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Free Flap Breast Reconstruction in Cancer Patients: The Effect of Reconstruction Timing on Procedural Outcomes
Madeline A. Cullins, Ronnie A. Pezeshk, MD, Samar Kayfan, Nikitha K. Reddy, Andrew Gassman, MD, Sumeet S. Teotia, MD, Nicholas T. Haddock, MD.
University of Texas Southwestern Medical Center, Dallas, TX, USA.

Deep inferior epigastric perforator (DIEP), superficial inferior epigastric artery (SIEA), and profunda artery perforator (PAP) flaps are acceptable options for autologous breast reconstruction. This study comprehensively evaluates the differences in outcomes between patients receiving immediate, delayed/immediate (staged with the use of tissue expanders), and delayed breast reconstructions (without the use of tissue expanders).
A retrospective review of an Institutional Review Board-approved prospectively collected database of 524 free flaps (DIEP, SIEA, or PAP) on 297 patients performed by two attending surgeons at The University of Texas Southwestern Medical Center University Hospitals from 2010-2015 was completed. Patients were grouped based on reconstruction timing: immediate (n=174 flaps), delayed-immediate (n=225 flaps), and delayed (n= 125 flaps). Comorbidities, preoperative radiation, neoadjuvant/postoperative chemotherapy, length of hospital stay, number of subsequent revision surgeries, and breast and donor site complications were analyzed between the three groups. The following complications at the breast and donor sites were considered: wound/necrosis, seroma, hematoma, and overall flap failure and removal.
In patients receiving 2 free flaps (bilateral or double-pedicle unilateral reconstruction), compared to delayed-immediate reconstructions, immediate reconstructions encountered higher rates of breast site infection (p<0.05), breast wound necrosis (p<0.0001), longer average hospital stays (p <0.0001, 5.2 versus 4.1 days), longer procedure times (p<0.0001), and larger numbers of subsequent revision surgeries (p<0.0001, 2.6 versus 1.8 revisions). Compared to delayed reconstructions, immediate reconstructions had higher rates of breast flap necrosis (p <0.0041), longer average hospital stays (p<0.0001, 5.2 versus 4.2 days), and longer procedure times (p<0.0001). In patients receiving a single unilateral flap, immediate reconstructions required longer procedure times (p<0.0001) in comparison to delayed-immediate reconstructions. There were no significant differences between outcomes of single flap immediate or delayed reconstructions. Lastly, there were no significant differences between any of the groups in the occurrence of overall flap failure and subsequent removal.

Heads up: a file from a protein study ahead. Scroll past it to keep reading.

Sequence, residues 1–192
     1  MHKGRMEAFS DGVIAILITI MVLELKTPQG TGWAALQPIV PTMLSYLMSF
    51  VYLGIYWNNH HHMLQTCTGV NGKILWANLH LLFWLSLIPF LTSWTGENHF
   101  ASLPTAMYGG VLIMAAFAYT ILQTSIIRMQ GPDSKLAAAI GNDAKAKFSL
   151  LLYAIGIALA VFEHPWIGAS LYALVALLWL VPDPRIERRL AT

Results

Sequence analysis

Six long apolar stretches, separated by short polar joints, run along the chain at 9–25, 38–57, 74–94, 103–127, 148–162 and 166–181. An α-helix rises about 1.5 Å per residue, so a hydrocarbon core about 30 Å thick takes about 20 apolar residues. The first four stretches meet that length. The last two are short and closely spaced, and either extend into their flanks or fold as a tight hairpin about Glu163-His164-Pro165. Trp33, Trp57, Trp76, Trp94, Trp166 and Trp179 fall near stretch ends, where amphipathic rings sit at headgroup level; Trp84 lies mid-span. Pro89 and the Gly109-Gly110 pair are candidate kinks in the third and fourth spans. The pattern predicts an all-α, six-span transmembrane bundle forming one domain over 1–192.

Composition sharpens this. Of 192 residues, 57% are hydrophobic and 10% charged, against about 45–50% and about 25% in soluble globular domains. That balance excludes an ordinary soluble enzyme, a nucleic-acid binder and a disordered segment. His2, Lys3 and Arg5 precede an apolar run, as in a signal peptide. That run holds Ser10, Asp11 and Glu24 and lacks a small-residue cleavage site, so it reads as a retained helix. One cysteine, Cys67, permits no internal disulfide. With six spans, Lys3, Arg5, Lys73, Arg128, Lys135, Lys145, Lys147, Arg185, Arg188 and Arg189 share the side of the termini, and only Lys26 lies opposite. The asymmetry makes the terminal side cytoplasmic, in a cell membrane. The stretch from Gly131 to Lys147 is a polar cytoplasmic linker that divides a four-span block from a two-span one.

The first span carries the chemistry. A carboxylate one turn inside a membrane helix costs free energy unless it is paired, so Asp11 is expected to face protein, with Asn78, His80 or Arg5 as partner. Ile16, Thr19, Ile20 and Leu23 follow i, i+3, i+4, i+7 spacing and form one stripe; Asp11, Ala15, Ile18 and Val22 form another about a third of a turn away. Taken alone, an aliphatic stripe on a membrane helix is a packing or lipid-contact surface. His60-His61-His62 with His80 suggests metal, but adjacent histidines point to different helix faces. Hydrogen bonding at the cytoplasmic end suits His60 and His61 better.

Immediate, delayed-immediate, and delayed reconstructions are all reasonably safe options for breast reconstruction. However, higher rates of complications among immediate reconstructions imply delayed-immediate and delayed reconstructions may be superior options to immediate reconstructions, especially in procedures involving the use of 2 free flaps. These results should be considered between the surgeon and patient when deciding an appropriate reconstruction plan based on the risks, benefits, and potential costs associated with different breast reconstruction timings. Based on this data, we have made institutional adjustments to our practice focusing on more delayed reconstructions.

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